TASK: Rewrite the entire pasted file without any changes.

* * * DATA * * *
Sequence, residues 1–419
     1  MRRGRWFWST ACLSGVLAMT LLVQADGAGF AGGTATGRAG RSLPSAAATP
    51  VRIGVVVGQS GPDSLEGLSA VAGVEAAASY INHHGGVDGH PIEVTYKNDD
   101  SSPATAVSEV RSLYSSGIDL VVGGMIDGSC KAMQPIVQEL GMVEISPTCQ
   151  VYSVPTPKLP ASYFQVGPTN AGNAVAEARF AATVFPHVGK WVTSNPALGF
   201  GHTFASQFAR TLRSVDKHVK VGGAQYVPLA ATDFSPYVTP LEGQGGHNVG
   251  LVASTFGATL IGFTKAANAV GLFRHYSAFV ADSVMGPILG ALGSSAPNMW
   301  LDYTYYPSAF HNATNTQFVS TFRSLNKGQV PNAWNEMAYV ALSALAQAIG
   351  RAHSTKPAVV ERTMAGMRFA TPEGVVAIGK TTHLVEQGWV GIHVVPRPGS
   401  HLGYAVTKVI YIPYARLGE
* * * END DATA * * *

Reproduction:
Sequence, residues 1–419
     1  MRRGRWFWST ACLSGVLAMT LLVQADGAGF AGGTATGRAG RSLPSAAATP
    51  VRIGVVVGQS GPDSLEGLSA VAGVEAAASY INHHGGVDGH PIEVTYKNDD
   101  SSPATAVSEV RSLYSSGIDL VVGGMIDGSC KAMQPIVQEL GMVEISPTCQ
   151  VYSVPTPKLP ASYFQVGPTN AGNAVAEARF AATVFPHVGK WVTSNPALGF
   201  GHTFASQFAR TLRSVDKHVK VGGAQYVPLA ATDFSPYVTP LEGQGGHNVG
   251  LVASTFGATL IGFTKAANAV GLFRHYSAFV ADSVMGPILG ALGSSAPNMW
   301  LDYTYYPSAF HNATNTQFVS TFRSLNKGQV PNAWNEMAYV ALSALAQAIG
   351  RAHSTKPAVV ERTMAGMRFA TPEGVVAIGK TTHLVEQGWV GIHVVPRPGS
   401  HLGYAVTKVI YIPYARLGE